See the article in today’s NY Times, Class Size in New York City Schools Rises, but the Impact is Debated, a follow up to the article on Wednesday, Class Size Makes Biggest Jump of Bloomberg Tenure.
Though it is one of those typical “on the one hand this, on the other hand that” pieces– citing research that is either outmoded or easily refuted -- it is important because it is the first in-depth article in our paper of record to have dealt with the issue of class size in at least five years.
Indeed, the Times has had a “black out” on class size through most of the Bloomberg administration – as the former education editor admitted in June of 2006 – though at that point, she promised “to explore the class size issue” soon after -- which has not occurred until now, almost three years later.
This omission has persisted, despite the fact that our public school students continue to suffer from the largest class sizes in the state, smaller classes have consistently been the top priority of NYC parents, and in subway and TV ads, the administration has claimed to be reducing class size while being repeatedly cited for misusing hundreds of millions of dollars of state aid meant for this purpose.
In today’s article, the administration once again tries to evade its own responsibility for failing to reduce class size, despite a state mandate passed in 2007. In the previous Times article, Garth Harries of DOE attempted to blame the economy– even though the state provided an additional $400 million this fall, with $150 million of that targeted for class size reduction. He also attempted to shift the blame onto principals, which Chris Cerf tries again in today’s article, without acknowledging that it is the DOE’s duty to see that these funds are spent appropriately.
But now, even more outrageously, they are trying to blame parents – with Harries actually arguing that large classes are the result of popular schools where parents insist on sending their kids.
As I pointed out to the reporter, the vast majority of children attend their neighborhood zoned elementary and middle schools– and DOE entirely controls the admissions for high schools, so blaming parents for the systemic problem of large classes is entirely unwarranted. Who will they blame next – our kids?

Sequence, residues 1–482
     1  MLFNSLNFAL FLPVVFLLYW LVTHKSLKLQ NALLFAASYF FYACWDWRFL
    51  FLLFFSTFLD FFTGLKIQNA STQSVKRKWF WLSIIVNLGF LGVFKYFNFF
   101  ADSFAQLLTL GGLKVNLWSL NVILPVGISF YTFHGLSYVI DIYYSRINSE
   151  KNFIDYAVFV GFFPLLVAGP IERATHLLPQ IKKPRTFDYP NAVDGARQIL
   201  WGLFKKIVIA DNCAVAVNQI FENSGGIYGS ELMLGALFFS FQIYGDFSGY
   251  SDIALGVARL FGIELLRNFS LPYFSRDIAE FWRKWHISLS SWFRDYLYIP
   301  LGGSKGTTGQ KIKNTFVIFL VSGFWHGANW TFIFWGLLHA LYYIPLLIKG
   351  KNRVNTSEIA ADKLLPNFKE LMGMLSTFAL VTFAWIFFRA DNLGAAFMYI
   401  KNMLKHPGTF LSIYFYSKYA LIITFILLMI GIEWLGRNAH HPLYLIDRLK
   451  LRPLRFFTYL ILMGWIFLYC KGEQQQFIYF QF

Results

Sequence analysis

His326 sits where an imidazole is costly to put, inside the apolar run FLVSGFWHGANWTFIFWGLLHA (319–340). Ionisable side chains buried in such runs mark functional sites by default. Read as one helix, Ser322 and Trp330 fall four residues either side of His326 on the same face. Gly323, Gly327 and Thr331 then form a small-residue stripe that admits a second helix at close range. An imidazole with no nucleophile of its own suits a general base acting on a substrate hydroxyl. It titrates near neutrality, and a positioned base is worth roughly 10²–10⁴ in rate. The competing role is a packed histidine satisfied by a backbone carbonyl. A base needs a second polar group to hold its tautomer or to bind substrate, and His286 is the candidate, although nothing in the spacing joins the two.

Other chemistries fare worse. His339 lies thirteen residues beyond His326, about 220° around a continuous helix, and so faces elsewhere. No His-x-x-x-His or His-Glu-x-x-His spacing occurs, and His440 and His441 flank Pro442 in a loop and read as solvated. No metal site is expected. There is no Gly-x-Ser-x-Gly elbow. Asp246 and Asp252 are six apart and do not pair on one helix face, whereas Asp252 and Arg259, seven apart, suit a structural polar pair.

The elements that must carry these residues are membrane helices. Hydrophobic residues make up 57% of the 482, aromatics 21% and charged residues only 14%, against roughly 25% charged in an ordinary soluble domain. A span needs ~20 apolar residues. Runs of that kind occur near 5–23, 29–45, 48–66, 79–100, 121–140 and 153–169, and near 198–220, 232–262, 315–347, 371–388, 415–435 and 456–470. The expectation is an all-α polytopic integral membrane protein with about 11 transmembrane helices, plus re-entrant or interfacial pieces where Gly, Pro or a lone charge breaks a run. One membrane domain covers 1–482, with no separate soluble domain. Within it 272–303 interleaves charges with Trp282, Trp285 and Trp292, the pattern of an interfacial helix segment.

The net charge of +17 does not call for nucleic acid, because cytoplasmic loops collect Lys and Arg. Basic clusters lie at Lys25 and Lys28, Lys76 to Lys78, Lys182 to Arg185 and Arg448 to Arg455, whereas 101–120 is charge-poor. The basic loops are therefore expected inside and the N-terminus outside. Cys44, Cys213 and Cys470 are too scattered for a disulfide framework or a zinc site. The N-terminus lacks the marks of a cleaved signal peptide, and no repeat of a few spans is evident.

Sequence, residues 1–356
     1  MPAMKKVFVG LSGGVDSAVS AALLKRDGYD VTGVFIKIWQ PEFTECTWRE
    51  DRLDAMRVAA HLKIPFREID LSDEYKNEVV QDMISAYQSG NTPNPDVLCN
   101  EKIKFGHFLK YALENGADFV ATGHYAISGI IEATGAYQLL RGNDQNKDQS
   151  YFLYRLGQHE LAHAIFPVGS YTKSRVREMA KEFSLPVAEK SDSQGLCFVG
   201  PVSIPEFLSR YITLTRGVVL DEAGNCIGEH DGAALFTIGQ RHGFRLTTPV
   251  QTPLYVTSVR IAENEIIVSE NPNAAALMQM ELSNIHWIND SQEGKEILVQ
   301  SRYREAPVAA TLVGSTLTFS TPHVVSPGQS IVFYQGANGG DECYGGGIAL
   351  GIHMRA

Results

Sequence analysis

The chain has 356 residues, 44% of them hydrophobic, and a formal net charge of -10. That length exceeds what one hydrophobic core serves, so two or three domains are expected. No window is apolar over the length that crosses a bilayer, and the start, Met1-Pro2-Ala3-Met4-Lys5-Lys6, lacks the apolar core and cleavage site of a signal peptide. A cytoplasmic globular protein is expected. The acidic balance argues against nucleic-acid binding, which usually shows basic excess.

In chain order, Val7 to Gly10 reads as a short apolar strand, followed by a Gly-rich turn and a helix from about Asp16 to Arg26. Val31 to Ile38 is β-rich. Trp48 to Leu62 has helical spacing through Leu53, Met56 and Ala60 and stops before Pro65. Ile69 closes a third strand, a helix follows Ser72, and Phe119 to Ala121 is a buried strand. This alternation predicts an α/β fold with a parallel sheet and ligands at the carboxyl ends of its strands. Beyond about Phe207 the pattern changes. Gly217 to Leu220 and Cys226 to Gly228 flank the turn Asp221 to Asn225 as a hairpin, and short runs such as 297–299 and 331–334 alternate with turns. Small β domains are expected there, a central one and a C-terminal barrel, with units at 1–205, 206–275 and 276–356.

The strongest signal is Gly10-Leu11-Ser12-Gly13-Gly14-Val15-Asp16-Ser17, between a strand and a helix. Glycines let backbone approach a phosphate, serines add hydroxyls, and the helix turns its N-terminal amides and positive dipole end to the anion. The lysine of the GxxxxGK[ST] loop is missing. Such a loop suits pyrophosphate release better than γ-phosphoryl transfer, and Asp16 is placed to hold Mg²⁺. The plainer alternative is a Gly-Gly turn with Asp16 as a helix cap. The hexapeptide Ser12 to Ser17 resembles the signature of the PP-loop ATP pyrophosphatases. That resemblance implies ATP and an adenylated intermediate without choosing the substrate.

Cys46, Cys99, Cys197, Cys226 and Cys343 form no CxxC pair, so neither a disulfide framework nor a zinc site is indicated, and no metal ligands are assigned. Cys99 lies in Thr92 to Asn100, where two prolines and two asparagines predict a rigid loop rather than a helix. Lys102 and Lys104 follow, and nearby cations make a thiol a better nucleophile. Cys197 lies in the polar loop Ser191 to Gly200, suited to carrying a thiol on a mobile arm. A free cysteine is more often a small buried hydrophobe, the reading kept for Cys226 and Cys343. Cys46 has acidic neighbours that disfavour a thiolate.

Indeed, at the same time that the administration goes around claiming that mayoral control means accountability, they are quick to shift the blame on everyone else when they fail to create more adequate and equitable learning conditions for our children.
The article also repeats the administration’s canard that there is a trade-off between teacher quality and class size, when the two factors are actually complimentary. Indeed, the main reason we have such a high teacher turnover rate here in NYC is that our teachers so often leave for a new profession or to work in suburban or private schools -- because their excessive class sizes do not provide them with a fair chance to succeed.
In a recent national poll, 97% of teachers responded that reducing class size would be an effective way to improve teacher quality – far above any other strategy, including raising salaries, instituting teacher performance pay, or providing more professional development. Indeed, the only way we will ever obtain a more experienced and effective teaching force here in NYC is by reducing class size.
But the most ridiculous part of the article is the “evidence” offered by the administration that smaller classes don’t matter, by referring to an unpublished (and probably unpublishable) internal DOE study that purported to show that the grades schools received on the “Progress reports” weren’t correlated with smaller classes. No mention is made of the fact that most experts have found that the grades schools receive are mostly random – with almost no correlation from one year to the next -- as an article by the same reporter in the Times pointed out last year.
In contrast, the
In fact, the DOE has devised another formula – a “value added” model to evaluate teacher effectiveness, in which class size is included as a “predictor”, the ONLY factor included in the model under the school system’s control. This is an admission that the larger the class, the less a teacher is expected to raise student achievement. All the other factors in the model pertain to characteristics of the students themselves, such as economic status, prior test scores, absences, etc.
See the model here – which includes average class size at both the classroom and school level, showing that both should be taken into account when assessing a teacher’s performance. The DOE also states that the model used “draws on 10 years of city-wide data (test scores, student, teacher, and school characteristics) to predict individual student gains.”
Check out the accompanying FAQ:
Is the DOE’s Value-Added model reliable and valid? A: A panel of technical experts has approved the DOE’s value-added methodology. The DOE’s model has met recognized standards for demonstrating validity and reliability. Teachers’ value-added scores from the model are positively correlated with both School Progress Report scores and principals’ perceptions of teachers’ effectiveness, as measured by a research study conducted during the pilot of this initiative.
Anyway, please send a letter to the Times at firstname.lastname@example.org with your name, address and phone number. Let them know what you think – and whether it’s fair to blame parents for the fact that NYC classes have remained the largest in the state, with no significant improvement under this administration.